Apparently the universe has all the idiots it needs.

So there is a crapload of matter missing in the universe.

We could have known this in 1933 when Fritz discovered it, but he was kind of irritating. So we didn't pay attention.

And then, in 1975, a much nicer scientist person named Vera Rubin discovered it all over again. She was just as smart, but not such a pain. Not a pain at all, in fact.

She should win a prize. Not for being not a pain, but for discovering all over again that a crapload of matter was missing from the universe.

Darth Matter. Not Dark Matter. Get it? Get it?
We decided to call it "Dark Matter". Since it's missing, we have no idea what it is, don't know what it's made of, and can't quite figure out how SO MUCH MATTER is out there that we CAN'T FIND. 

We're not upset. OK, maybe a little.

Worse yet, it turns out that we really really need Dark Matter in order for the universe to work.

Because without Dark Matter, there would be no galaxies, and without galaxies, there would be only isolated stars, and for various reasons, no planets and no life. Anywhere.

No Dark Matter = no galaxies = no life = no you, no me, no us.

No Dark Energy = no universe = no life = no you, no me, no us.

So, you might ask. How much Dark Energy and Dark Matter do we need? In order for everything to, you know, be here?

Ah. Good question.

Here's what we can see. Matter, which makes up, um, everything. Stars. Planets. Dust. Galaxies. Everything we can see.

That turns out to be ... 5% of the universe. + or -. 

The rest of it - 95% or so - is Dark. Energy and Matter. 68% and 27%. In case you were wondering.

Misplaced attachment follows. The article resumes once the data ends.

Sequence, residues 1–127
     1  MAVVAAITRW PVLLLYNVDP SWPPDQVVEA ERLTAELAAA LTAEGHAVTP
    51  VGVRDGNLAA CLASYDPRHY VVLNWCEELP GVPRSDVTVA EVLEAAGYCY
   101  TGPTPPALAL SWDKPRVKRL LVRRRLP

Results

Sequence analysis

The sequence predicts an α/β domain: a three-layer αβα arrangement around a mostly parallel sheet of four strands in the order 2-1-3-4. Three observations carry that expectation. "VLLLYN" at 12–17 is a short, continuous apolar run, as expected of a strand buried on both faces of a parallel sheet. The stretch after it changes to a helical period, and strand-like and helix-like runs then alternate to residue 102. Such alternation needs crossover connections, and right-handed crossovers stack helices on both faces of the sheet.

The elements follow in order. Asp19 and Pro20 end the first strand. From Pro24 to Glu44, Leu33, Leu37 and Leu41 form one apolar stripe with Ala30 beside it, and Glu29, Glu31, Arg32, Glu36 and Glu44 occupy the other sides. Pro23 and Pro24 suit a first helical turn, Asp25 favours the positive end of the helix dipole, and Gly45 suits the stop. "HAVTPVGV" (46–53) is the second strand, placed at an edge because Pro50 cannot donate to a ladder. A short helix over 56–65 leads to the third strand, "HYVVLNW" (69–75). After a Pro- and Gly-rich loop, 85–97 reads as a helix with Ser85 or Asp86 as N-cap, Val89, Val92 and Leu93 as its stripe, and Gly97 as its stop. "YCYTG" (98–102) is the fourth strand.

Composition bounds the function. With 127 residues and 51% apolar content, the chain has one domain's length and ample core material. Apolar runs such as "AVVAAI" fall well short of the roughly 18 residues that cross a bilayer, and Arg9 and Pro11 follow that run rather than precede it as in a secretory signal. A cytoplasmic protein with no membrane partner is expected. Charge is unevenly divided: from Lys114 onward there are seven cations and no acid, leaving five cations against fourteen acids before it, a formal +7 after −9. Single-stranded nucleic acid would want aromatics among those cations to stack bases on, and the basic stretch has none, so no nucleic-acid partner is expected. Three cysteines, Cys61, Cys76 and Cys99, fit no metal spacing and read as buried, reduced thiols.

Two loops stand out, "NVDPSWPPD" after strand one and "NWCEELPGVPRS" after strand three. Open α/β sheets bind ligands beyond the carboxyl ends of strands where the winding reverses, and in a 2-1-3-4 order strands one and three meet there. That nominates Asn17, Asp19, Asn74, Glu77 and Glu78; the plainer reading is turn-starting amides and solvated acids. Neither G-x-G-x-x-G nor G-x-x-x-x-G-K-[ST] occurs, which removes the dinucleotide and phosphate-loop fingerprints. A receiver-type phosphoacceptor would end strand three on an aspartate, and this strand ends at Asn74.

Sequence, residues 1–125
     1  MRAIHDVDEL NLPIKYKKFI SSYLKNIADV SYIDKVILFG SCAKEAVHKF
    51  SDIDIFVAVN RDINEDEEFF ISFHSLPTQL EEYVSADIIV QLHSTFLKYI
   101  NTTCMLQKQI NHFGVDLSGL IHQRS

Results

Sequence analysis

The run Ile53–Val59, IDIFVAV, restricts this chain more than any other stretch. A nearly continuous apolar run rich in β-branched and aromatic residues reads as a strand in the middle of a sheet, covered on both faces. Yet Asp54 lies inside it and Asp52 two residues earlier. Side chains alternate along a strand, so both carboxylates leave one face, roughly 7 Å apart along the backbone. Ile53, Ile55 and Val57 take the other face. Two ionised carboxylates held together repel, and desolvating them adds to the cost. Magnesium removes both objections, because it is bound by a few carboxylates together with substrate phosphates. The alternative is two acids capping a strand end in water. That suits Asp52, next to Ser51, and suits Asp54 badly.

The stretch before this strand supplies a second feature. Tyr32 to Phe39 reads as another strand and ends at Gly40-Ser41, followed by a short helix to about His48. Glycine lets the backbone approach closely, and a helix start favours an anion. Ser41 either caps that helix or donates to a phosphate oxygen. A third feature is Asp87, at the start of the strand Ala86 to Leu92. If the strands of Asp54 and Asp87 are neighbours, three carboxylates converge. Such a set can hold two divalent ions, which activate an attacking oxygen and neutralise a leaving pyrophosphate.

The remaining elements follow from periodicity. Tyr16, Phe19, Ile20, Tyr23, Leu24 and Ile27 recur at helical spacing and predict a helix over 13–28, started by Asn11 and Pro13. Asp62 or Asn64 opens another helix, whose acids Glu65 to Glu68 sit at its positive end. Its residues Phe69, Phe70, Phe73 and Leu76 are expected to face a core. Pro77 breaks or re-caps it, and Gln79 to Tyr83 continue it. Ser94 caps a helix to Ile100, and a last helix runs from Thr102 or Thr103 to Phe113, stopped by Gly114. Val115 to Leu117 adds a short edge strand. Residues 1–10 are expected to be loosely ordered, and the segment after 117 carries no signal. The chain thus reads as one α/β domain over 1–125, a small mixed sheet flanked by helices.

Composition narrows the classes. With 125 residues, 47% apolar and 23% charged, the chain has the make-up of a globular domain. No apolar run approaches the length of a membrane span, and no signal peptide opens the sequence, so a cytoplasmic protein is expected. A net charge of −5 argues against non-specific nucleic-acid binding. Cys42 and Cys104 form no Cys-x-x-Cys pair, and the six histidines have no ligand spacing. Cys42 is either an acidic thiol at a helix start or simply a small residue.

95% of the universe is invisible to us. A mystery.
Looking for Dark Matter. It's a metaphor.

Because it only interacts gravitationally. So we can't see it. Touch it. Hear it. Taste it. Smell it. 

It's all around us, but it doesn't interact with us except via the very very weakest of all the forces, gravity.

Dark Matter. Dark Energy. Gotta have 'em in order for us to be here. Don't have a clue what they are.

Oh. Here's what else.

This might be true. Or not. Hard to tell.

But. Since Dark Matter is, after all, Matter, and since the non-Dark Matter that we can see started out as particles, and then became parts of atoms, and then became atoms, and then became dust clouds, and then became stars, and then became 1) elements and 2) galaxies, and then became 1) planets and 2) life, and then became 1) you and 2) me, then ...

Dark Matter might have done the same thing.

So. There might be Dark Galaxies, and Dark Planets, and Dark Life, and ...

Dark You. And Dark Me. 

There might be a whole Dark Universe with Dark People in it, or Dark Aliens, that we can't see because it's, you know, Dark, and ...

It's 5-6 times bigger than the universe we do see.

And to them, we're Dark, too. And they're all around us, and we're all mixed up inside of them. And they can't see us and we can't see them. But we know that there's something there that we can't see. And maybe they do, too.

What a great universe!

Not Dark Aliens. Darkish. Not a merry-go-round.
Dark aliens tend to get nauseated on merry-go-rounds.